Radiological and pathological findings Dr Liu: We now proceed to a radiological discussion by Dr Chau. Dr Chau||: An initial pelvic ultrasound examination showed multiple complex lesions (both solid and cystic in nature) inside the uterus; these were diagnostic of a molar pregnancy (Fig 1).2 Colour Doppler sonography is useful in assessing the vascularity of gestational trophoblastic tissue. An invasive mole is usually vascular due to myometrial invasion. In contrast, a noninvasive mole is often avascular and cystic structures predominate. An ultrasonographic examination of her liver showed a well-defined echogenic mass in the right lobe. In general, the commonest cause for this kind of lesion in asymptomatic patients is haemangioma, but a liver secondary during gestational trophoblastic disease may also appear similar. Thus, ultrasonography alone cannot differentiate the two. The pelvic ultrasound after the suction evacuation revealed vesicular structures inside the uterus which extended close to the uterine surface—highly suggestive of extensive myometrial invasion. Special Doppler of the uterine

artery, which gives a quantitative measurement of the uterine flow, showed a markedly decreased pulsatility index (PI) value of 0.46, compared with a mean PI value of about 3 in the normal, non-gravid uterus.3 Our study showed that the mean PI value in gestational trophoblastic disease was 1.5. The decrease in the PI value, increase in diastolic flow and the disappearance of diastolic notch in this case suggested a highly active gestational trophoblastic disease in the uterus. Tumoural flow was also seen close to the uterine surface. The closer the trophoblastic tissue is to the uterine surface, the higher the risk of uterine rupture. Dr Liu: Dr Cheung is going to discuss the pathological findings in this patient. Dr Cheung¶: After the second suction evacuation, we received about 10 mL of vesicular structures admixed with blood clots. Histological examination showed the presence of a complete hydatidiform mole which was composed of abnormal, round hydropic villi with an obvious circumferential trophoblastic proliferation, and a prominent, central cistern formation (Fig 2). Foetal tissue was not identified. In contrast, for a partial mole, the degree of trophoblastic proliferation is usually less prominent, the abnormal villi are admixed with normalsized villi, trophoblastic inclusions are more frequently present, and foetal red blood cells or even an embryo may be present. The hysterectomy specimen weighed 138 g and on sectioning, a polypoid necrotic tumour was found adhering to the uterine fundus (Figs 3 and 4): this had already been detected by ultrasound. There were also haemorrhagic nodules inside the myometrium, which were suggestive of invasion. The serosa of the uterus was, however, not perforated. A histological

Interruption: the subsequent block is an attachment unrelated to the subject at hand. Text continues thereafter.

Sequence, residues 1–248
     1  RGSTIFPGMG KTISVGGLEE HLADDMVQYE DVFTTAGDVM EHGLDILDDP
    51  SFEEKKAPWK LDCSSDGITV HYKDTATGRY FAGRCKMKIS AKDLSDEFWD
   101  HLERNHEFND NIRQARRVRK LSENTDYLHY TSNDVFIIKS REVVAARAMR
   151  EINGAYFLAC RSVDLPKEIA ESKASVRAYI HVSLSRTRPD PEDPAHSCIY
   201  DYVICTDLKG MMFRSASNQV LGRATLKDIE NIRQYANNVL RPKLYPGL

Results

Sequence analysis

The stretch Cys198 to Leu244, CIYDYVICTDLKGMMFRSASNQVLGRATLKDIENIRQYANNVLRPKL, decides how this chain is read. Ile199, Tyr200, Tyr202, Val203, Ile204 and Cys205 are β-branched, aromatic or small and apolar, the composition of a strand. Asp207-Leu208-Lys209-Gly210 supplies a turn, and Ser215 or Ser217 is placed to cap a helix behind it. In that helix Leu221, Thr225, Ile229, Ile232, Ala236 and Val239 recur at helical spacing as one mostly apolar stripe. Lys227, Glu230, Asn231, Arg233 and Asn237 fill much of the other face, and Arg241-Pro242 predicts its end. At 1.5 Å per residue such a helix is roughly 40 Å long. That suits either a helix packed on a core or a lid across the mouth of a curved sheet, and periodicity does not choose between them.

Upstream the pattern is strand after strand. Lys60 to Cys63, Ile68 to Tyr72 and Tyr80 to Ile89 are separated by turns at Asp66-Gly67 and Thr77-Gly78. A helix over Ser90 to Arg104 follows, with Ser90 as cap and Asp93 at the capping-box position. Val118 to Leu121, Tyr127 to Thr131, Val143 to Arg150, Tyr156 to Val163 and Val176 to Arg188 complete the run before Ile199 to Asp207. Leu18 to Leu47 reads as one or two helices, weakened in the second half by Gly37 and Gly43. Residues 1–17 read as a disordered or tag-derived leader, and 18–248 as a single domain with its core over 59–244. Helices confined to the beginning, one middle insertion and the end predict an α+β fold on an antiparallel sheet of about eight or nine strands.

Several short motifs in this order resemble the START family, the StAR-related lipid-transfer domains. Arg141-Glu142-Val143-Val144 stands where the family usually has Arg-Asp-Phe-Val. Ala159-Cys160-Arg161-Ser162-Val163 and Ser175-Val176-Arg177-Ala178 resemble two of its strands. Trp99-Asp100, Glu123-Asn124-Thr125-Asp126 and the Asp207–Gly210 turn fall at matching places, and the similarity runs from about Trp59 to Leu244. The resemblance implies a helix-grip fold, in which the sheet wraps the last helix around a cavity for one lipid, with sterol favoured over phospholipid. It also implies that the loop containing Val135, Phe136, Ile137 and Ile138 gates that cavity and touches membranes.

Fig 1. Pelvic ultrasonogram showing multiple complex lesions, both solid and cystic in nature, in the uterus

Fig 2. Histological examination of the uterine evacuate showing complete hydatidiform mole with circumferential trophoblastic proliferation and central cistern formation (arrow) [H&E, x 150]

||Department of Diagnostic Radiology

¶Department of Pathology

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Fig 3. Gross picture of the hysterectomy specimen showing a polypoid necrotic tumour adhering to the uterine fundus. The specimen had been cut open anteriorly.

Fig 5. Histological examination of the uterus showing molar tissue invading into the myometrium (H&E, x 150) Prof Wong§: This was not a typical case of an invasive mole. Most patients with an invasive mole belong to the low-risk group and respond well to chemotherapy. This case was atypical because right from the start, it was a very chemoresistant tumour. Besides, for patients with a heavy tumour load, it takes more than 3 months for the mole to regress. However, if there is a lot of molar tissue, chemotherapy may pose a danger of septicaemia, as the necrotic tissue following drug treatment may form a nidus for infection.

Anatomical diagnosis Invasive hydatidiform mole

Acknowledgements The authors would like to thank the other participants of the meeting.

References Fig 4. Side-view of myometrium showing the haemorrhagic focus of invasive mole examination confirmed the presence of myometrial invasion by the abnormal villi which were admixed with fibrin, intermediate trophoblasts and blood (Fig 5). Because of this, the diagnosis of an invasive hydatidiform mole was made. Just to remind ourselves that ‘invasive hydatidiform mole’ is a pathological diagnosis which can be made only after studying a hysterectomy specimen.4 Dr Liu: Any comments from the floor?

1. Society of Gynecologic Oncologists. SGO handbook: staging of gynecologic malignancies. Chicago: Society of Gynecologic Oncologists, 1994. 2. Fleischer AC, James AE Jr, Krause DA, Millis JB. Sonographic patterns in trophoblastic diseases. Radiology 1978;126: 215-20. 3. Chan FY, Pun TC, Chau MT, Lam C, Ngan HY, Wong RL. The role of Doppler sonography in assessment of malignant trophoblastic disease. Eur J Obstet Gynecol Reprod Biol 1996;68:123-8. 4. Mazur MT, Kurman RJ. Gestational trophoblastic disease and related lesions. In: Kurman RJ, editor. Blaustein’s pathology of the female genital tract. New York: Springer-Verlag, 1994: 1049-96.

§Department of Obstetrics and Gynaecology